By Alec Dietz, UW News Lab/Special to CHS
When Interstate 5 was built more than 50 years ago, many didn’t consider the problems associated with a massive highway splitting up the University District from Wallingford, Capitol Hill from downtown, and First Hill from the International District in the Seattle area.
But, a small group of architects, engineers, and community members met at the 12th Ave Arts building on Capitol Hill Sunday to discuss ways that they could heal those divides, and fix lids that had already been built in Seattle, at a Lid I-5 Kickoff Charrette gathering led by co-chairs and architects John Feit and Scott Bonjukian.
“Freeway Park is a beautiful design, but it didn’t work,” Feit said of one of the lids Seattle had tried already. “People are acknowledging that it is a beautiful design, but that it doesn’t work, and we want to make it better. That’s just something the city struggled with for decades.”
In a room full of close to 50 community members, engineers, and architects, Feit led a discussion on how lids — a bridge-like structure that spans over the gap of a sunken freeway — over freeways could be a way to potentially create affordable housing and reconnect old neighborhoods.
The charrette — a meeting in which stakeholders in a project work to map a set of solutions — was also focused on adding a few civic amenities for the greater Seattle community.
The volunteers were a group of community members with varying levels of engineering and architecture experience. Some groups included experts in the field that have had careers in architecture, but others were volunteering as average architectures, but were important for the project nevertheless.
The end goal for the group is September, when all their ideas will be finalized into a presentation and put on display for leaders in the Seattle area. That will hopefully include Seattle Mayor Jenny Durkan, and various representatives in the city.
Thomas Pitchford, a member of the steering committee, and a former candidate for 43rd District representative, was excited about how the kickoff charrette went.
“That’s why we have these community events,” Pitchford said, “because we can get all of this input from folks all across the community, and then we can have their involvement.”
The participants were put into seven groups: two groups responsible for the south site (Freeway Park), two groups responsible for a central site (Washington State Convention Center), two groups for a north site (Between East Thomas St. and Olive Way), and one group responsible for connecting the three sites.
Each of the groups discussed building schools, parks, and various other amenities to their specific site, but the central group had an idea that really stuck out, due to the site’s proximity to the Paramount Theater.
“I’ve always liked the idea of leveraging the performance of the Paramount, to some outdoor theater,” Feit said. “I always thought that was intriguing. I don’t know how it would work with our weather and their operations, but that’s a fun idea.”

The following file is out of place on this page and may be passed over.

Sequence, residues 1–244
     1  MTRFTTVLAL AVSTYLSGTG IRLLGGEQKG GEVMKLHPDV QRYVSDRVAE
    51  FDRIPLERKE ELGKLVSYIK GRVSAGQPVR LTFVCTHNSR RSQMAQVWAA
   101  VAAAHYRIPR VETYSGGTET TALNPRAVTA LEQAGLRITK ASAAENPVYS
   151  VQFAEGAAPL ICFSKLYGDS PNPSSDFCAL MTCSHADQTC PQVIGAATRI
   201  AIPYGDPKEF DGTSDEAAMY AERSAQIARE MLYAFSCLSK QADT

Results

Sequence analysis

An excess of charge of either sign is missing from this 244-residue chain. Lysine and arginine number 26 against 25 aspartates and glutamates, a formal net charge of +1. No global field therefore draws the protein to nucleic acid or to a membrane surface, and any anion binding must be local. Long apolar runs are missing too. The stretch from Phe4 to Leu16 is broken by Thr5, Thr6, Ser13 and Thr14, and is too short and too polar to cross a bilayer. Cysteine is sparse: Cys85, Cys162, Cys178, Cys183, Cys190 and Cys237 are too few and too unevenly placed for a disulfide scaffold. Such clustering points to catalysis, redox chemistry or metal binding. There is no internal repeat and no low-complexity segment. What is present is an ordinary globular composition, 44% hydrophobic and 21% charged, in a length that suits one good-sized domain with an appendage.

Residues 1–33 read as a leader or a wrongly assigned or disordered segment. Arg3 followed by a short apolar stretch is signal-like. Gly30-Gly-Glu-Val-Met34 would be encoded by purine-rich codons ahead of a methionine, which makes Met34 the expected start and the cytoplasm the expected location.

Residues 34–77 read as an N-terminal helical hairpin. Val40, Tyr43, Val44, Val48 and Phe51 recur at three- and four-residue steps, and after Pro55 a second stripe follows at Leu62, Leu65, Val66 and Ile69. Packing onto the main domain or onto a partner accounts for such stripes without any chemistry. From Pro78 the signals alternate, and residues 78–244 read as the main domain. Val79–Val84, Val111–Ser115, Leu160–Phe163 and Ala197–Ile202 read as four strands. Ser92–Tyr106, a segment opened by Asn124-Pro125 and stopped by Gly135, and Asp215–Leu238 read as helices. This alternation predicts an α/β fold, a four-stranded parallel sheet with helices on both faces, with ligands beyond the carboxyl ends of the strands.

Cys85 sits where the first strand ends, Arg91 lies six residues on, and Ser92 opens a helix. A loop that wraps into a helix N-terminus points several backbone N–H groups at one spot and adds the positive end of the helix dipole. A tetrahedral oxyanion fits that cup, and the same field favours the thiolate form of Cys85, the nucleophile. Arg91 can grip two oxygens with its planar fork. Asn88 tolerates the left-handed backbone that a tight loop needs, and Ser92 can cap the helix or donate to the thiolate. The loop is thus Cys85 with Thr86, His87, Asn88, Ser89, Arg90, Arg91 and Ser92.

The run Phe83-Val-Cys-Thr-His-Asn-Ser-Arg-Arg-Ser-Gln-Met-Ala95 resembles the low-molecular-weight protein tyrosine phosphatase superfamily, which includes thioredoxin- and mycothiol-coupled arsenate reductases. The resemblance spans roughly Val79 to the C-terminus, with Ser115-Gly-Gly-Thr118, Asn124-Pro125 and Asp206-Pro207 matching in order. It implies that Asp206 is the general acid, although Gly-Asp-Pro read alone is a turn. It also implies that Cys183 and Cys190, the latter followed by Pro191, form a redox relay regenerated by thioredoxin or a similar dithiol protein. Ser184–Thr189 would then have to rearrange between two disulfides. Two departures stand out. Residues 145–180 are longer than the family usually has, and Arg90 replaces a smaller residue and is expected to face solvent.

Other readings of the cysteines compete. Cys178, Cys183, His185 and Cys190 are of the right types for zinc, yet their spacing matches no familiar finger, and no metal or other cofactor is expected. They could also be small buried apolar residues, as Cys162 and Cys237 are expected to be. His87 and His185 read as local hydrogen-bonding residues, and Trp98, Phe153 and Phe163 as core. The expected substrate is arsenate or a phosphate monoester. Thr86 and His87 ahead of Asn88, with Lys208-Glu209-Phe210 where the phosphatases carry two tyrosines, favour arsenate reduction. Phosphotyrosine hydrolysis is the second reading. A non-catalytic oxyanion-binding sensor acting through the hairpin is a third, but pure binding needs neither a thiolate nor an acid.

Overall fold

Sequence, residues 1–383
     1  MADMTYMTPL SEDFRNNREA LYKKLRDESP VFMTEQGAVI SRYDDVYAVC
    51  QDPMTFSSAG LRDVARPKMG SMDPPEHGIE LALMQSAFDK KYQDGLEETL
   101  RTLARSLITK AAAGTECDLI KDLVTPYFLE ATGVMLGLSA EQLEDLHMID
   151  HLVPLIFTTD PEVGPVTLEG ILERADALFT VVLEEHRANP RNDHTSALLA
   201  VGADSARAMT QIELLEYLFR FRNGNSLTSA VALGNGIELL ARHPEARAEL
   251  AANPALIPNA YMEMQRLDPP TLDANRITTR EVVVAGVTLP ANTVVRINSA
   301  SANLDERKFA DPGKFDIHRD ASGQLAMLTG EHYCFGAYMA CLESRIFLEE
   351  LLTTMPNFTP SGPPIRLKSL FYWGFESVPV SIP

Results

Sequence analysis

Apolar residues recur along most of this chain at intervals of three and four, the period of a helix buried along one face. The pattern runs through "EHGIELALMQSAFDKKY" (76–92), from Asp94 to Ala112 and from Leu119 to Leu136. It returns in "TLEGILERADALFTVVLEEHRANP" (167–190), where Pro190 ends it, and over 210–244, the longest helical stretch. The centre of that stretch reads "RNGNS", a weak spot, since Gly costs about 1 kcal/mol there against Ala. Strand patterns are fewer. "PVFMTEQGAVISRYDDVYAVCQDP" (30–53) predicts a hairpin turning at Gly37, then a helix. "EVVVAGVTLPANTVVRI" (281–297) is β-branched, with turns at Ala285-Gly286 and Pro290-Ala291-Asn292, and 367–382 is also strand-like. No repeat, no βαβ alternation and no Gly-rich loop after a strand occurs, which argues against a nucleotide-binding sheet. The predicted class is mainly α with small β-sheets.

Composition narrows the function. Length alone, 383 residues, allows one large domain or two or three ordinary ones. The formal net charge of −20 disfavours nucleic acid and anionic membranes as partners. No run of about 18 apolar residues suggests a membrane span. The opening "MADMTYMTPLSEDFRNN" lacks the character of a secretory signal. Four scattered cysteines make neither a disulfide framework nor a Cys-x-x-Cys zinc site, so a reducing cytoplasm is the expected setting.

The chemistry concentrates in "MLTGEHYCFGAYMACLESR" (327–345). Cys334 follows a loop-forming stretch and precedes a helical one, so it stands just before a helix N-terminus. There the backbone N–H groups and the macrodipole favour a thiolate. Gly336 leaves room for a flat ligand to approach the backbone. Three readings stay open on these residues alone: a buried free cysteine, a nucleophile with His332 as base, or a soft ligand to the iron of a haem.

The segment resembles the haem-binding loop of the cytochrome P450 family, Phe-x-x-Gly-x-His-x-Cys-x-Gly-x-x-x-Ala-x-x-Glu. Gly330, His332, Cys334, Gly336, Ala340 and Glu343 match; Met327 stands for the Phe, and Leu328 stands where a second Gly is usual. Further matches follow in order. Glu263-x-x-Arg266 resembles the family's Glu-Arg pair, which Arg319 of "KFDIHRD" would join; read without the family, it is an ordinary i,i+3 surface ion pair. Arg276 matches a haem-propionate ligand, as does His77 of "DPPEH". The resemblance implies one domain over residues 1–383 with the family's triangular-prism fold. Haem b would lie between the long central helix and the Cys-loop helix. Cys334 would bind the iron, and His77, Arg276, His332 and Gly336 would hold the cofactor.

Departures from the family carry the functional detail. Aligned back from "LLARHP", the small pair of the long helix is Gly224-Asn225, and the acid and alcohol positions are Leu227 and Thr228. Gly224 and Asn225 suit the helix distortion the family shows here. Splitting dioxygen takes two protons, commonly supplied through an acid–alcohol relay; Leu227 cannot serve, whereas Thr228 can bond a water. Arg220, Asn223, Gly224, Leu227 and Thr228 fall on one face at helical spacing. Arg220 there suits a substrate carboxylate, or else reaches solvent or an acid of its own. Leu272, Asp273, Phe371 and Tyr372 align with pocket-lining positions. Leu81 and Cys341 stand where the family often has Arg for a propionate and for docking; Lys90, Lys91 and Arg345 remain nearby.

Feit was also proud of how the group wanted to use the space, and that they had plenty of ideas on how to drive people to these potential community areas.
“They recognized that open spaces need to be active to be successful,” Feit said. “That can come through adjacent uses, with buildings and whatever their functions are, but it can also go through them. That you can funnel traffic through them.”
Participants also discussed how to deal with Seattle’s uneven topography, which remains a big challenge for the city to institute lids over I-5.
“There was a lot of talk about connectivity and dealing with the topography,” Bonjukian said. “If you look at lids in other cities, a lot of them are built where it’s pretty flat, but Seattle is hilly, so that seemed to be a constant theme people were talking about. So, how we can take advantage of that and be creative.”
For example, in Dallas, Texas, Klyde Warren Park is one of the shining examples for cities that have implemented lids over their highways. The park is responsible for helping bridge the gap between districts, and creating new residential and commercial life in the city.
In Seattle, various community members are attempting to do the same thing, bringing the community together to create change, and coming up with good ideas to use these lidded spaces in the best ways that the city of Seattle can.
Next for the Lid I-5 group is another meeting at Optimism Brewing in March that will allow them to further hone their ideas and insights in a few weeks. After that, they’ll hold two more events before their big showcase in September.
Central Hills Triangle Collaborative – 30% Design
Thursday, March 15
Optimism Brewing, 1158 Broadway
Central Hills Triangle Collaborative – 60% Design
Thursday, May 15
The Summit on Pike, 420 E Pike Street
Central Hills Triangle Collaborative – 90% Design
Wednesday, July 18
Washington State Convention Center, 705 Pike Street, Room 2AB
Ultimately, Feit, Bonjukian, and Pitchford’s goals are the same, they said. They all want to seal the rift that I-5 created.
“This is newly created land, and it’s healing the scar of I-5,” Pitchford said. “We need to make this idea a part of the city’s master plan.”
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